141 Keyes Road
Concord, MA 01742
Monday - Friday
8:30 a.m. - 4:30 p.m.
Chris Toomey, Chair
Board of Selectmen
Paul Mahoney, Vice Chair
Board of Selectmen
Board of Selectmen
Board of Selectmen
Natural Resources Commission
Matthey Capofreddi, Treasurer
CPA Funding Applications Received for Consideration at the 2014 Annual Town Meeting
Concord’s Community Preservation Committee (CPC) is pleased to announce that 9 applications have been received for potential consideration by the 2014 Annual Town Meeting for Community Preservation Act Funding. These projects address historic preservation, open space, community housing, and recreation priorities and total approximately $2.3 million in requested funds.
This year’s projects include the following:
Over the next few months, the CPC will review each of the proposed applications to determine which projects will be recommended for consideration at the 2014 Annual Town Meeting. This process will include a public hearing scheduled for Monday, November 18 at 7:30pm, which will provide an excellent opportunity for the public to learn more about the proposed projects and how they may address community housing, historic preservation, open space and recreation priorities in Concord. Public feedback on these applications is strongly encouraged. The CPC is anticipating that there will be approximately $1.3 million in Community Preservation Act funds available for appropriation by the 2014 Annual Town Meeting for these Concord projects.
The Community Preservation Act in Concord
WHAT IS THE COMMUNITY PRESERVATION ACT?
Established under M.G.L. c. 44B, the Community Preservation Act (CPA) allows Massachusetts cities and towns to raise monies through a surcharge of up to 3% of the tax levy on real property. These funds can be used to acquire, create and preserve open space; acquire, preserve, rehabilitate or restore historic resources; acquire, create, preserve and support community housing; and acquire and preserve land for recreational use. The Act also includes a significant State matching fund, which provided $26.2 million in matching funds to CPA communities last year and over $387 million to those communities to date. In addition to Concord, 148 cities and towns across the state have adopted the CPA to date.
HOW IS THE CPA USED IN CONCORD?
At the 2004 Annual Town Meeting and subsequently at the polls, Concord residents voted to adopt the CPA with a 1.5% surcharge on all real estate property tax bills. There are two exemptions, however, to this surcharge:
The CPA mandates that each fiscal year Concord must spend, or set aside for later spending, at least 10% of the annual revenues in the Town of Concord Community Preservation Fund for each of the three CPA interests: community housing, historic resources, and open space. Beyond these required allocations, Concord Town Meeting decides, based on the CPC’s recommendations, how much of the remaining 70% of the funds should be spent on the three purposes identified above or for recreation. The spending mix for the remaining 70% of the Fund can be modified each year, and any monies not appropriated remain in the Fund for future distribution.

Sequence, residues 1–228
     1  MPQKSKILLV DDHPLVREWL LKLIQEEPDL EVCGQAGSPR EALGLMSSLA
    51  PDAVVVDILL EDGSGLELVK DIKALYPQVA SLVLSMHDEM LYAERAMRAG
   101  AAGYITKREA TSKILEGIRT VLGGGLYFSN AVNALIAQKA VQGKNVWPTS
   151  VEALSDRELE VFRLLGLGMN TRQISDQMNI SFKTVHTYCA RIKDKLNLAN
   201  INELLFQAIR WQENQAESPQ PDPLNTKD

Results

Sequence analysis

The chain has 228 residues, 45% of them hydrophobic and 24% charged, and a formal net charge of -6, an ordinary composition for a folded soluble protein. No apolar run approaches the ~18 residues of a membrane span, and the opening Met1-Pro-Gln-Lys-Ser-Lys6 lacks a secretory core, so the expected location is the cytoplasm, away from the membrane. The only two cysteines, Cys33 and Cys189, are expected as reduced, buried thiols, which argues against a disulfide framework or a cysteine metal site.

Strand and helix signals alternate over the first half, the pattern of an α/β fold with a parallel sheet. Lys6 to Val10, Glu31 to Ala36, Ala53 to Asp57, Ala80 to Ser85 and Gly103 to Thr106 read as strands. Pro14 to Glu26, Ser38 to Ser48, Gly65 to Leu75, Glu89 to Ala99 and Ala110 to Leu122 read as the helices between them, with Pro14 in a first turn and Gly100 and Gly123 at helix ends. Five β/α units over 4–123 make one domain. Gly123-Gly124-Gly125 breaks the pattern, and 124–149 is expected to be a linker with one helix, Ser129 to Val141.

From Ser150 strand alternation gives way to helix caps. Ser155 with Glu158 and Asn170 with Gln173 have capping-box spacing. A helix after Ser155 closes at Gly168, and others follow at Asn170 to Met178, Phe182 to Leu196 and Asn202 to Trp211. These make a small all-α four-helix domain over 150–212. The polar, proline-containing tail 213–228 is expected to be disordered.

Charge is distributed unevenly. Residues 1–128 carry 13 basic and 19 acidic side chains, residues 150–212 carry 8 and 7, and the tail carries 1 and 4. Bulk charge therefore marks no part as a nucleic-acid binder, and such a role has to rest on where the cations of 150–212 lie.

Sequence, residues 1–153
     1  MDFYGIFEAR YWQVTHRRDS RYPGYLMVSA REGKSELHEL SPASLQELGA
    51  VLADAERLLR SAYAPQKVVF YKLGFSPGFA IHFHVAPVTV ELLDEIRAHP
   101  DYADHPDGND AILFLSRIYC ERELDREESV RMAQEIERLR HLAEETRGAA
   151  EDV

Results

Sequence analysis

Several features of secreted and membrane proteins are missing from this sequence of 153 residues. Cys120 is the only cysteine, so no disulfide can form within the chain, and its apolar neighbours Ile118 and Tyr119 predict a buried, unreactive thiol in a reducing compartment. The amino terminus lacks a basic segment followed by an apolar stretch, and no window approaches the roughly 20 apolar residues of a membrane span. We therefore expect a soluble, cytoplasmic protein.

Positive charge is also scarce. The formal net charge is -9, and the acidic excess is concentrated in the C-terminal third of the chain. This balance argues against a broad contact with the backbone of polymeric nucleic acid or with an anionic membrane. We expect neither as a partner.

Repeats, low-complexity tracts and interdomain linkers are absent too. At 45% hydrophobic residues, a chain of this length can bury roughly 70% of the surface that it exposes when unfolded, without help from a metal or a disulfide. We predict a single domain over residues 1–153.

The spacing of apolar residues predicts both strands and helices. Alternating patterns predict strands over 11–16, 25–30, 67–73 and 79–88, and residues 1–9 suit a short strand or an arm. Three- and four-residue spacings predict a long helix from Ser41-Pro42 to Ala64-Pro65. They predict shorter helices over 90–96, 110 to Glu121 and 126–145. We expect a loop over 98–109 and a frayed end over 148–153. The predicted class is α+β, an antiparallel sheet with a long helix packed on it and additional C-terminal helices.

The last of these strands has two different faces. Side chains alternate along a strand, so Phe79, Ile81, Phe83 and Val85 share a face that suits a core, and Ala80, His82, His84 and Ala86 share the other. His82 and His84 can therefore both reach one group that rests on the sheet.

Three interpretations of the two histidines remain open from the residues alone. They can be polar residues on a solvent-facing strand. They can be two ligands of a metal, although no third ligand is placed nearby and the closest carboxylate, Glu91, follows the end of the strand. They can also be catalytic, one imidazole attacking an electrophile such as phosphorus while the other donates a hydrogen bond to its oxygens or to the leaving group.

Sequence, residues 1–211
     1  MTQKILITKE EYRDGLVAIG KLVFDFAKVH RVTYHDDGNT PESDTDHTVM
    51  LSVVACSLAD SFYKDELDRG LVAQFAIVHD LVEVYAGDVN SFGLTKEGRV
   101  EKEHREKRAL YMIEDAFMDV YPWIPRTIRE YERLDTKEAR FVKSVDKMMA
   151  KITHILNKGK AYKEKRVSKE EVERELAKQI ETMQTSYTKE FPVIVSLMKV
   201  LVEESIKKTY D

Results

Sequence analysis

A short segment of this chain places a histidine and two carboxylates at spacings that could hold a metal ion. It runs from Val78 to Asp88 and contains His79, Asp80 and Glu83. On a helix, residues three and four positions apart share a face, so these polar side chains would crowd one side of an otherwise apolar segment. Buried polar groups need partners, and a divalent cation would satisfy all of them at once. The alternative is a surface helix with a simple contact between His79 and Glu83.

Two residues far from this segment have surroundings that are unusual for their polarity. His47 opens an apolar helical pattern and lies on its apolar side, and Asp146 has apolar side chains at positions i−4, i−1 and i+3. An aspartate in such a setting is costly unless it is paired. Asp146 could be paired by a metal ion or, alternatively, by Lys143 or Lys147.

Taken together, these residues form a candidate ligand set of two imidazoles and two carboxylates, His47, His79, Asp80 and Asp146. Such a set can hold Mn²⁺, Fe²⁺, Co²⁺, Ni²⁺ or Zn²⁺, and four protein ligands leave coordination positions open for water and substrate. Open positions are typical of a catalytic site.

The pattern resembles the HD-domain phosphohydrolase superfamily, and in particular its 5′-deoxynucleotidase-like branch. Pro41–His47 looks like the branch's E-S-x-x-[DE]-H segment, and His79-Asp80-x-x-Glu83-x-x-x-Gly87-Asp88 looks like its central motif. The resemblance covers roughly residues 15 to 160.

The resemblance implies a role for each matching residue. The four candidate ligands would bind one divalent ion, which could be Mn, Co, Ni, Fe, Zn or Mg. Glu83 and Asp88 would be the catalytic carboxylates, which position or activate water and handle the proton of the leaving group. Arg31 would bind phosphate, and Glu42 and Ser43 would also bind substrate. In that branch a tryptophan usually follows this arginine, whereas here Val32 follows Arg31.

WHERE DO THE CPA FUNDS COME FROM?
The funds available for spending each fiscal year are a combination of three sources:
What does the surcharge really mean to Concord taxpayers? The Assessor’s Department has calculated that in FY12, the median home in Concord had an assessed value of $677,900. After subtracting the CPA exemption for the first $100,000 of the taxable value of a residential property, and multiplying this number by the FY11 tax rate of $13.58 per $1000 of value, the median tax amount is $7,848. The 1.5% surcharge, then, for the median homeowner in Concord is $118.
Concord’s Community Preservation Committee
Following Concord's 2004 adoption of the Community Preservation Act, the Board of Selectmen established the Community Preservation Committee (CPC). As specified in the enabling legislation, the Committee is charged with the task of "studying the needs, possibilities, and resources of the town regarding community preservation." The areas of study are open space, community housing, historic preservation and recreation. The Committee is required to consult with town boards and commissions to ascertain the needs of the community and hold at least one public informational meeting per year. Finally, the Committee is to solicit applications for CPA projects and after review present funding recommendations to the citizens at Concord's Town Meeting.
The first task of the Committee was to write a Plan, which was completed in 2005 and has been reviewed and updated each subsequent summer. It includes the following sections:1) The CPA in Concord; 2) How CPA Funds can be Used; 3) Needs Assessments for Community Housing, Historic Preservation, Open Space, and Recreation; 4) General Selection Criteria; 5) Application Process; 6) Guidelines for Submission; 7) Application Requirements; 8) Application; 9) Funding Process and ten Appendices. The 2012 Community Preservation Plan is available on this webpage, at the Town libraries, and in the Planning Department at 141 Keyes Road.
In writing the Plan, the Committee received input from the Town's boards, commissions and officials. They also utilized the most recent Comprehensive Long Range Plan, the Open Space and Recreation Plan and the Playground Study. The Committee continues to update the Plan each year to meet the changing needs of the community.
(Updated June 19, 2012)